Fathi Mohamed Ahmed is chief editor at Bilan. The 28-year-old journalist said she hid the fact she was studying media and for months told her family she was doing IT because they did not think journalism was a job for a woman. Today, however, they are proud of her. Ahmed says that the reporters speak to women sources all the time and it is much easier to report on sensitive topics such as intimate partner violence.
Bilan is different from the others because we focus on what’s going on in society: women, children, health…traditional media don’t cover this, they just focus on politics all the time. I like this job environment because we are free from harassment and we understand each other. -Fathi Mohamed Ahmed
It is inspiring to see women journalists in Somalia fighting the patriarchy and paving the way for future generations. Kheyre, who recently became a new mother, says she would never block her daughter from being whatever she wants when she grows up, whether that is a pilot, or yes, even a journalist.
(CLARICE BAJKOWSKI FOR THE 19TH)
For Black History Month, The 19th spoke with four Black and queer disabled creatives at different stages of their lives and at different stages in their relationship with joy. They were asked to describe their relationship with joy currently and the steps they took to get there. Keah Brown and Dominic Bradley’s stories will be shared here.
Keah Brown, 31, is a journalist, author and disability rights advocate. Brown discusses her years of being unhappy and not liking herself. She says her two core frustrations were not having Black disabled representation in the media and the way in which she was treated at school.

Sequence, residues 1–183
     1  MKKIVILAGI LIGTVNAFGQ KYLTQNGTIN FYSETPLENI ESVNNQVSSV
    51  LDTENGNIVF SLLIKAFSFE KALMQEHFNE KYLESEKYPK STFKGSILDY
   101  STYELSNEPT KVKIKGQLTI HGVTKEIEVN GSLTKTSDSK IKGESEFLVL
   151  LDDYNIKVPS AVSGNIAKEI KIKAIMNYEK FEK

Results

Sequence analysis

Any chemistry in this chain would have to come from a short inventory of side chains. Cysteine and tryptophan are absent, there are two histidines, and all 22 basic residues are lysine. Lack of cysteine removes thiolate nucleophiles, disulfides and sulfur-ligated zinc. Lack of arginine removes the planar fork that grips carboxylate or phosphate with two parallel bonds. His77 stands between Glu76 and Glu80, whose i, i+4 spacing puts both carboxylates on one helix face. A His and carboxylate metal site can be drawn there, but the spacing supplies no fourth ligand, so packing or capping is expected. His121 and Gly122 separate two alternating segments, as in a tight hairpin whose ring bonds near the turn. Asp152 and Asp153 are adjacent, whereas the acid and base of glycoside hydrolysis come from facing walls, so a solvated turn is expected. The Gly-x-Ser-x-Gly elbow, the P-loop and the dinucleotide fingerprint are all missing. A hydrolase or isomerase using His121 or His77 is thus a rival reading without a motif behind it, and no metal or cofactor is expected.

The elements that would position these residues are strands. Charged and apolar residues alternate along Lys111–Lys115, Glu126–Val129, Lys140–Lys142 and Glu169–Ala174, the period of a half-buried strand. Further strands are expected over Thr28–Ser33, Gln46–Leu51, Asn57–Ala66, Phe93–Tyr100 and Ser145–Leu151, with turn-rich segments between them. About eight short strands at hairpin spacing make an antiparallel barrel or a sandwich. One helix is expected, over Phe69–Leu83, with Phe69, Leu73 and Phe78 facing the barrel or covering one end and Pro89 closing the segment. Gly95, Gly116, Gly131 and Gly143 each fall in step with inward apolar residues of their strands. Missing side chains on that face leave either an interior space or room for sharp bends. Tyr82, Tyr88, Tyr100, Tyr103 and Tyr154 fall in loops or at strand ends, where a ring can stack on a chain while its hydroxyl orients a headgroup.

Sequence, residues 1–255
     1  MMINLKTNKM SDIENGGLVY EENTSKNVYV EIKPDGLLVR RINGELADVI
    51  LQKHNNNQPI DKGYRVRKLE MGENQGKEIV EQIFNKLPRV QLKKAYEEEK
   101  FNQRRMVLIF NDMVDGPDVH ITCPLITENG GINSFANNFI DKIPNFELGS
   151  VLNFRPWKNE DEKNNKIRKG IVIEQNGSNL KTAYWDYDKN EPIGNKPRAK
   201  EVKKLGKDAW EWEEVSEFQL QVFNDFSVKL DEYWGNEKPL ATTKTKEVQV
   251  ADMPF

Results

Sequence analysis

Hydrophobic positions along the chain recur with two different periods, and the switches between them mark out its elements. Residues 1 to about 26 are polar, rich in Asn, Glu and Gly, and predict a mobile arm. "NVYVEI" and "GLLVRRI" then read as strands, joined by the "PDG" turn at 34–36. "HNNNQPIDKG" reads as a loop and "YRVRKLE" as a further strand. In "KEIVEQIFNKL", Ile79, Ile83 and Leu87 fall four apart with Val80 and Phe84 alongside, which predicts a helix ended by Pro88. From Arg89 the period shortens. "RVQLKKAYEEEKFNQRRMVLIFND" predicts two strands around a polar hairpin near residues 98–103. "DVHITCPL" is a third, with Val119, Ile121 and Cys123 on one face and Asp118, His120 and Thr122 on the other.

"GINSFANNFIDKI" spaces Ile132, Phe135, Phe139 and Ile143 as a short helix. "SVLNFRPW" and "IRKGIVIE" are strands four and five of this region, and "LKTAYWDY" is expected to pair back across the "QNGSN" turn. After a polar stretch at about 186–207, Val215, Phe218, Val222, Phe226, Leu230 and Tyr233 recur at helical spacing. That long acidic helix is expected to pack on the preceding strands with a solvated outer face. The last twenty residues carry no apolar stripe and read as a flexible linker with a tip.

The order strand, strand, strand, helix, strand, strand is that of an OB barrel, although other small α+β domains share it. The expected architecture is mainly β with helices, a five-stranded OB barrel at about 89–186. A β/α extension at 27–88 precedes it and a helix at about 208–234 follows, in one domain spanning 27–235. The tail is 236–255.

I really internalized what people said to me directly, and also what was said to me indirectly through movies and TV. -Keah Brown
Brown started to feel happy in 2017, when her writing was gaining recognition. She also had a hashtag go viral around the world: #DisabledAndCute.
It was a way for me to celebrate myself, and finally feeling good in my body and not waking up in the morning, and immediately saying, ‘I hate you, you deserve to die.’ It was me being excited about the fact that I could look in the mirror and smile at myself and say, ‘No, you deserve to live, you deserve to find happiness.’ -Keah Brown
For Brown, choosing joy means finding things that make her happy and “allowing those things to take up more space than the things that don’t.” She encourages others to identify things they like about themselves and acknowledges that it is a lifelong process.
Dominic Bradley, 40, is a writer, visual artist and performer. Bradley discusses how being a workaholic has prevented them from honouring commitments they have made to themself. They have a combination of mental and physical disabilities, which they say means that their usable hours are not the same as nondisabled people. Part of the struggle for them is ingrained in culture.
American culture is so concerned with grinding, and grinding and grinding some more until your body breaks down and then grinding after that. There are people who talk a good game about taking care of yourself, making time for rest and time for pleasure. But in practice, that’s not what we do in this country. That’s not what we value in this country. So the shift for me is to try not to get caught up in that constant messaging. -Dominic Bradley
Bradley urges people to listen to their bodies because your body will tell you how you really feel even if you are trying to convince yourself of something different.
I think that it is important to recognize our own cues for things like if we’re hungry, if we’re angry, if we’re lonely or tired. That’s information that, again, society trains us to ignore. I think it’s so important to reclaim and to recapture that. -Dominic Bradley
Samiha Hossain (she/her) is a student at the University of Ottawa. She has experience working with survivors of sexual violence in her community, as well as conducting research on gender-based violence. A lot of her time is spent learning about and critically engaging with intersectional feminism, transformative justice and disability justice.
Samiha firmly believes in the power of connecting with people and listening to their stories to create solidarity and heal as a community. She refuses to let anyone thwart her imagination when it comes to envisioning a radically different future full of care webs, nurturance and collective liberation.